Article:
View Full Version : Multi-Voltage ADC Nuttiness.

03-07-2013, 01:58 PM
Hi all,

I have a conceptual question regarding a voltage-sampling circuit I've previously discussed. The circuit is designed to have a wide inout range of 115-230VAC.

Below is a slightly modified version, the voltage source is actually a transformer with a no-load voltage of 9.2V @ 230V input. I am considering improving the resolution of the ADC output by bypassing one of the resistors on the transformer leg whenever the system detects that it is attached to a 115VAC circuit.
I propose doing this by shorting resistor #2 with a MOSFet solid state relay like this clare unit (http://www.clare.com/home/pdfs.nsf/www/CPC1006N.pdf/$file/CPC1006N.pdf). Besides a drop resistor for the LED inside the SSR, I presume it would also be a good idea to feature a pull-down resistor on the input side of the SSR to prevent accidental engagement?

The above (if it is a workable solution) would effectively add a bit to the resolution at 115VAC, right? My circuit simulation tool suggests that this is a workable solution but I also wonder if there would be any kind of damaging inductive kickback from the transformer secondary... that said, since the relay would be either permanently on or off, the damage potential from switching should be pretty minimal.

FWIW, the maximum current through the resistor proposed being shorted is on the order of 150uArms. The maximum Vrms voltage through the resistor is 18VAC. Under maximum 115VAC conditions (i.e. 115VAC x 1.25 safety factor) the current going through the relay peaks at 470uA.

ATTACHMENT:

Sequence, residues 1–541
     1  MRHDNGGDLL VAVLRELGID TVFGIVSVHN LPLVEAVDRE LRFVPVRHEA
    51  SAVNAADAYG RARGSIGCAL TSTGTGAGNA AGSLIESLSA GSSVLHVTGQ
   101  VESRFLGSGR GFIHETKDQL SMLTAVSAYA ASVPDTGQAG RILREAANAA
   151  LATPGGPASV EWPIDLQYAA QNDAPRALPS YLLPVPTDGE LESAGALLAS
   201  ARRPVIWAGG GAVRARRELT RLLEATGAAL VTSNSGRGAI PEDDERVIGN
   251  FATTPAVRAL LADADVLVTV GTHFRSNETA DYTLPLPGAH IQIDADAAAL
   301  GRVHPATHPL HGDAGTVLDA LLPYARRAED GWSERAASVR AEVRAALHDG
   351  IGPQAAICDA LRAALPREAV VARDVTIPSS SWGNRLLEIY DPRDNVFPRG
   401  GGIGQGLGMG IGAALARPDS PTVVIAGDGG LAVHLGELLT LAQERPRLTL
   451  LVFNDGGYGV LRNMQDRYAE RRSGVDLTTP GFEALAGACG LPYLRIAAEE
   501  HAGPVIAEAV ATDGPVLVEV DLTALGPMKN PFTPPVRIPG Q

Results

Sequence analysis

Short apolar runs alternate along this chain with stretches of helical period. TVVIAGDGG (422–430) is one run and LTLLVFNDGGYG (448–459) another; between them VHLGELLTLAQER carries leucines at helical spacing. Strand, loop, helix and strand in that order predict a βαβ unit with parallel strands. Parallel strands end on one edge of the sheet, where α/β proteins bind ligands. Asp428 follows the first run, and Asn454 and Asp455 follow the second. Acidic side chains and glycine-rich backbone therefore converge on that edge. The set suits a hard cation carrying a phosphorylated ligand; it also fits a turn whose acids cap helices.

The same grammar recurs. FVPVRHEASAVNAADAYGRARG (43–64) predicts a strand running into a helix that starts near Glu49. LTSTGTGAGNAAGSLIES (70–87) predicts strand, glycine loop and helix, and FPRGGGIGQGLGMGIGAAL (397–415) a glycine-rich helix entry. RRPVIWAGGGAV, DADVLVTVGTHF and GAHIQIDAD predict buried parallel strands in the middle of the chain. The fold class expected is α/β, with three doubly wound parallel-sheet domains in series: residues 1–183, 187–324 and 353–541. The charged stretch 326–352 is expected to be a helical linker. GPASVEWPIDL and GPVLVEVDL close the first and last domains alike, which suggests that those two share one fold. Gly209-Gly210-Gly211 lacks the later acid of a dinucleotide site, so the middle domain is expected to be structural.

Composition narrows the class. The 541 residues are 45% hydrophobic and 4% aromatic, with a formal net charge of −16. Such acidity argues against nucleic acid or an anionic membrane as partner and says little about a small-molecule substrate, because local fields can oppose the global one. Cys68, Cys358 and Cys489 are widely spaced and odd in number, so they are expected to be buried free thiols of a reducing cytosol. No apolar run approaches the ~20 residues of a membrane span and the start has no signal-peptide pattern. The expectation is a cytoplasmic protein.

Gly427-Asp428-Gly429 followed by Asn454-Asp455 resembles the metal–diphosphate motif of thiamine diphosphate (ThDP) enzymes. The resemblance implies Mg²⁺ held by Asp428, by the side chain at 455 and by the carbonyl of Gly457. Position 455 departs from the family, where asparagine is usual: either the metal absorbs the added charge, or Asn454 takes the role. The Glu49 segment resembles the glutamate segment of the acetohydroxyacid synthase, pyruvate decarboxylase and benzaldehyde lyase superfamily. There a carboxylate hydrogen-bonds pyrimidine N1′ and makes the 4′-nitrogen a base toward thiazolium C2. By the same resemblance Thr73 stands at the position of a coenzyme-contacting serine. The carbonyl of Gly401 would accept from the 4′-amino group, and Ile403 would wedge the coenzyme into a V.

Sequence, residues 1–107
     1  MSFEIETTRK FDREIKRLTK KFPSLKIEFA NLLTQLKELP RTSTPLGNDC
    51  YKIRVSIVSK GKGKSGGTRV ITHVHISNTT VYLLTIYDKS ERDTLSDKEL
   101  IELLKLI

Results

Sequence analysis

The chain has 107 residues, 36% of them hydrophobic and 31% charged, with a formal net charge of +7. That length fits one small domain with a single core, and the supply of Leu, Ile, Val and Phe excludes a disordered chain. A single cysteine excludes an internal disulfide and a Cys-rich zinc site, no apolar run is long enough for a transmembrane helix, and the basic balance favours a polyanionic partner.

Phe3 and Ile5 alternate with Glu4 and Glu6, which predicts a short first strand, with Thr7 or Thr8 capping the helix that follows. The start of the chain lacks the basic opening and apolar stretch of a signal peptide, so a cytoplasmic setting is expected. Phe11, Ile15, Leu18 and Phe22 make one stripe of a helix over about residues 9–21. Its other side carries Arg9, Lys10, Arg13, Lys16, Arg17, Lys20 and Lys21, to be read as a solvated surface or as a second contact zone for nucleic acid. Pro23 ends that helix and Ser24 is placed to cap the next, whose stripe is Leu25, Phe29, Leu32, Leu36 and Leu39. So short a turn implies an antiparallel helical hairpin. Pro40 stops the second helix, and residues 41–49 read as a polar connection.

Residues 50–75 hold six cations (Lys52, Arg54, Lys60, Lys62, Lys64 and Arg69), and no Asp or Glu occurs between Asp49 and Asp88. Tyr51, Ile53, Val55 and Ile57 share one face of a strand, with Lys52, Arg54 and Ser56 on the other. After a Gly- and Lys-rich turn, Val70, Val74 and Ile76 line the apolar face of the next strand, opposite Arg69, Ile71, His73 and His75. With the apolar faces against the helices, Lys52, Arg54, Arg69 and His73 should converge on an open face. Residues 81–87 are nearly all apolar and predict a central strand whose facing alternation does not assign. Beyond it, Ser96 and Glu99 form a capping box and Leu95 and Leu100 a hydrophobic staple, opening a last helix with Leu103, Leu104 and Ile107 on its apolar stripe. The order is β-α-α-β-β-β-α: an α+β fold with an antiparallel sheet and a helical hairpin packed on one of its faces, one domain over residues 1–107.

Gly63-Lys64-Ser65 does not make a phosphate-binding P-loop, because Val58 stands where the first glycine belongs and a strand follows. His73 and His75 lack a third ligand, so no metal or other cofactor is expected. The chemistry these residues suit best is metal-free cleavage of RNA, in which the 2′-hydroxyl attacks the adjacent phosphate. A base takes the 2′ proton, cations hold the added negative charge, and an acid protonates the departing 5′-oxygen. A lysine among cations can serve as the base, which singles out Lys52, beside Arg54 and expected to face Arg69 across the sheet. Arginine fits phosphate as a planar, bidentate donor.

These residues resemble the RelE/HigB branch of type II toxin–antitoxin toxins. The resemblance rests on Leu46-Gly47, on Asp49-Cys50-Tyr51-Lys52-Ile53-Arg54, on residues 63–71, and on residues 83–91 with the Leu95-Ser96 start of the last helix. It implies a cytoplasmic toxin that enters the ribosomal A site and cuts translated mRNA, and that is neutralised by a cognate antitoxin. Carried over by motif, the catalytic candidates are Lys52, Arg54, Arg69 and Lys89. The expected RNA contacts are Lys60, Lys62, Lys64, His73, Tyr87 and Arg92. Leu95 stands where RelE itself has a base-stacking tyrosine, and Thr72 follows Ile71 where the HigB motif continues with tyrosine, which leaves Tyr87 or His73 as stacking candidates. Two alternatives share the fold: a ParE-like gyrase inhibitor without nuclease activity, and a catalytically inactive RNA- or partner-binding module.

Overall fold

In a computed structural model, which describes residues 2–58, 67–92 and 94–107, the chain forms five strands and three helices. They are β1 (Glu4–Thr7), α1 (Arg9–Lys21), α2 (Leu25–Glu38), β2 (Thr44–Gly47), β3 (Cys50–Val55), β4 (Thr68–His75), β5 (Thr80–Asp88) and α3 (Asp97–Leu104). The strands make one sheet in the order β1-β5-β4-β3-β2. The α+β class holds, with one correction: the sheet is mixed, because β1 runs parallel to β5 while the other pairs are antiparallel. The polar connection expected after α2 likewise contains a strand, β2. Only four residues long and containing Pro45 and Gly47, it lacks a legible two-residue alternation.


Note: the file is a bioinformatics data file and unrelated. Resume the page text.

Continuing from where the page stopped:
03-07-2013, 07:34 PM
Still working on the Power Meter :-)

-- shorting the 36k won't give precisely a gain change of 2:1 -- you go from a loop impedance of 36k+36k+4.7k/2 (74.35k) to 36k+4.7k/2 (38.35k), ora a ratio of 1.94:1 -- this gives a 3 % error which will require calibration.

I couldn't look up the Clare relay, but a) relays only have kickback on the energizer coil, not the output switch, and b) SSRs don't have any anyway. I suspect there is a small amount of capacitive feedthrough in the SSR -- you should check that the open switch capacitance between the contacts has an impedance >> 36k (for 0.1 % error, you need 1/(2.pi.f.C) >> 36k*1000, or C << 73 pF.

03-07-2013, 11:30 PM
Hi JP and thanks again!

Yes, still filing away... want to make this thing as powerful as possible. I realize that the addition of the relay will require a separate calibration but the modeling results are so promising that it was hard to pass up. On the current side, I'm still wondering if using an op-amp as suggested by Atmel in their power meter article makes sense - the reason I waver is that the current signal is much less predictable and it would likely make more sense to use a dedicated ADC with a high resolution instead. Anyhow, I designed the relay in, I can always decide not to activate it... Thanks again!

03-09-2013, 05:28 PM
Had another thought... what if the resistors were of differing values, such that once the relay closes that the resistance is virtually 1/2...